At-Home Dog Grooming Tips

Sitting at home in front of the television petting our beloved canine companion, it is hard not to notice the knots in his fur and debris he has picked up from a play day in the front yard or at the park. As pet owners, we are responsible for taking proper care of our furry companions, in the same way that we are responsible for taking care of ourselves. A regular at-home dog grooming routine is the perfect way to treat your pet to a spa day, and also protect him from periodontal disease, wax build-up, ear infection, yeast infection due to matted hair, dirt, bacteria, and any number of ailments resulting from poor hygiene. Fortunately, at-home dog grooming is not nearly as tedious as it sounds, and both you and your dog will be happier and healthier as a result.

Step 1: Get Prepared
The first step to grooming your canine at home is to gather the proper supplies. If you are planning on a full-body grooming, then you will need a variety of supplies, such as clippers, brushes, bath tools and drying tools. It is important to recognize that when mats are present in wet fur, they become practically untamable. Therefore, brushing your dog's fur is a must before any water is added into the equation. If your dog has medium to long hair, a slicker or pin brush may be necessary. Also, in some cases, the mat may need to be shaved or cut in order to prevent bacterial growth from occurring between the skin and the mat. Brush from the neck downward until all hair is combed flat, and do not forget to give him a treat for being on good behavior.


Step 2: Conduct a Quick Physical Exam
Next, take a look at your dog's eyes to ensure that there is no irritation or build-up. If he or she has a white coat, be aware that there are special products you can purchase to remove noticeable tear stains. If there is built-up hair around the eye that is contributing to any irritation, a veterinarian should be contacted so the hair can be cut safely. After thoroughly investigating your pet's eyes, take a look inside his ears. A healthy ear will contain some degree of wax, but it should not have debris, sores or signs of mites and infections. Ear cleaner may be purchased to clean out the ear, but do keep in mind when wiping around the ear, that it is crucial not to insert anything, especially not too deep.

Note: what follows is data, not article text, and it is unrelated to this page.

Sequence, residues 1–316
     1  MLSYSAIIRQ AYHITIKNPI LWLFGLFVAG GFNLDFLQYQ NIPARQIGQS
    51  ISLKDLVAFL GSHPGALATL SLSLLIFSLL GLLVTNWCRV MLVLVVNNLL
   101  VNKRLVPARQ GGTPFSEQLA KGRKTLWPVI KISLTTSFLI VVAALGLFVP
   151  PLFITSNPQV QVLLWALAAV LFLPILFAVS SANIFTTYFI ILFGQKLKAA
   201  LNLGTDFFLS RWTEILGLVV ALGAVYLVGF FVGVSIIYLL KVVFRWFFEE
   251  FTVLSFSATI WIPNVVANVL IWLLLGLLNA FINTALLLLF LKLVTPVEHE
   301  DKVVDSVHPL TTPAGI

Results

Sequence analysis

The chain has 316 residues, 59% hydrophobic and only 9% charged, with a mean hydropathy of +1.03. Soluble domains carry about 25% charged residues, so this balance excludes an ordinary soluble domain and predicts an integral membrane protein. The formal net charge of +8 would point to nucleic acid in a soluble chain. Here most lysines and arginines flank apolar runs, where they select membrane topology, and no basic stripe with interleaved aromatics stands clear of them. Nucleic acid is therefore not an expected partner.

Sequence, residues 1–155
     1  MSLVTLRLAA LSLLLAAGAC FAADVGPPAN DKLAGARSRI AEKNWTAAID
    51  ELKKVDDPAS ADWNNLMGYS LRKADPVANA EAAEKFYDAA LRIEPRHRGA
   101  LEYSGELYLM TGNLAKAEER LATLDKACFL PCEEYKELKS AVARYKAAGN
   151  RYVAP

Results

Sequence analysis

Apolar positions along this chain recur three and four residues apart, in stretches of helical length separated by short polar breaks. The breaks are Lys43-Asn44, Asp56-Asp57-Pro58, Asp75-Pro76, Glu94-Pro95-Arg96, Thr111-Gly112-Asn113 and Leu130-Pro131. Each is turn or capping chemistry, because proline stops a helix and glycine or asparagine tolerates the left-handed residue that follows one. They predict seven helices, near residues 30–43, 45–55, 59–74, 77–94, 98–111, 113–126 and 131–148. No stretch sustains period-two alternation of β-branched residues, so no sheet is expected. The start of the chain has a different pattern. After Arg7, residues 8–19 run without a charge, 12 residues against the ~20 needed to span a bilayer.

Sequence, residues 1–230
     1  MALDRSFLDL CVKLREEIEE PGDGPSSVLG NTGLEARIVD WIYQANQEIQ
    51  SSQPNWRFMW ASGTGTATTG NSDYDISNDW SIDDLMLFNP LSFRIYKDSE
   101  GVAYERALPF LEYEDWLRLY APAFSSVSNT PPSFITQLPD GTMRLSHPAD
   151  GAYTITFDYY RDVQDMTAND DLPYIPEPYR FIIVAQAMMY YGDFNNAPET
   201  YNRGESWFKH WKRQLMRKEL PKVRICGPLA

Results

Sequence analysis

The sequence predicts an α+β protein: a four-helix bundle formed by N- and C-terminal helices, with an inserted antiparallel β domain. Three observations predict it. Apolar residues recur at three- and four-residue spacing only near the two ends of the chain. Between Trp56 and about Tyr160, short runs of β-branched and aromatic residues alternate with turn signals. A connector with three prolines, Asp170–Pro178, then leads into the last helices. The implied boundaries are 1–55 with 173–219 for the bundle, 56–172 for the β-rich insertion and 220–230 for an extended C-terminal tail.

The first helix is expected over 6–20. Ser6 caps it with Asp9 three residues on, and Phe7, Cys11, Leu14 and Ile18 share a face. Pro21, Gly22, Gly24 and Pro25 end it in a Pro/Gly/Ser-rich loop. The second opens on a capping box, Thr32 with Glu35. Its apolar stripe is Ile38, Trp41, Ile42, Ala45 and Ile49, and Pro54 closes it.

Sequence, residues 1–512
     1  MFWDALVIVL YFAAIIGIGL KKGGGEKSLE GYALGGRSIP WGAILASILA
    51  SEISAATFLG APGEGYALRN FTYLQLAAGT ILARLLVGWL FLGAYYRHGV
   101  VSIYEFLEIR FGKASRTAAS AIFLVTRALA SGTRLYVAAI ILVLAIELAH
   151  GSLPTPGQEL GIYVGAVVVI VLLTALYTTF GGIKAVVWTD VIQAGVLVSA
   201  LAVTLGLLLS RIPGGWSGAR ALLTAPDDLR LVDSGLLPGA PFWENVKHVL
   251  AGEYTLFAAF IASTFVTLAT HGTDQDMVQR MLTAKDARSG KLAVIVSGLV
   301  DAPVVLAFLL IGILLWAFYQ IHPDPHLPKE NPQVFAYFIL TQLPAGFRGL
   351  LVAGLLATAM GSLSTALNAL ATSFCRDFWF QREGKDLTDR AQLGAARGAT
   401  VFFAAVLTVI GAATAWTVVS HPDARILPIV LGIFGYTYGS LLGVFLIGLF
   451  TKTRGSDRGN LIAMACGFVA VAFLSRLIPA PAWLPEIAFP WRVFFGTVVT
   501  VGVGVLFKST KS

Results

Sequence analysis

Since about 80 percent of dogs suffer from periodontal disease, it is essential that owners thoroughly check their pup's teeth. You can find special dog toothbrushes at pet supply stores which will allow you to carefully clean the teeth without causing irritation. Next, take a look at his or her nails. Overgrown nails can cause damage to the pads of the foot, so they should be trimmed as often as needed. The key here is to be sure not to clip too far, since there are blood vessels that run through the nails. Usually about 1/16 of an inch is adequate, depending on the age of the dog. There are also specialized clippers that can be purchased to make this process a bit easier.
Step 3: Wash Your Dog
At this point, your canine companion is probably wondering if this grooming routine is ever going to end, so fortunately, there is just one task left: a good washing. Put your dog into a tub and begin wetting him. Generally, a hose attachment is the best bet. After he is thoroughly wetted, apply dog shampoo, moving from the neck downward and massaging into the coat. Certain coats will require different shampoos; it all depends on the breed of dog. After this, rinse the shampoo off, being certain not to get any in the dog's eyes or mouth. Dry him off and lo behold: your canine should be looking and feeling pretty fine.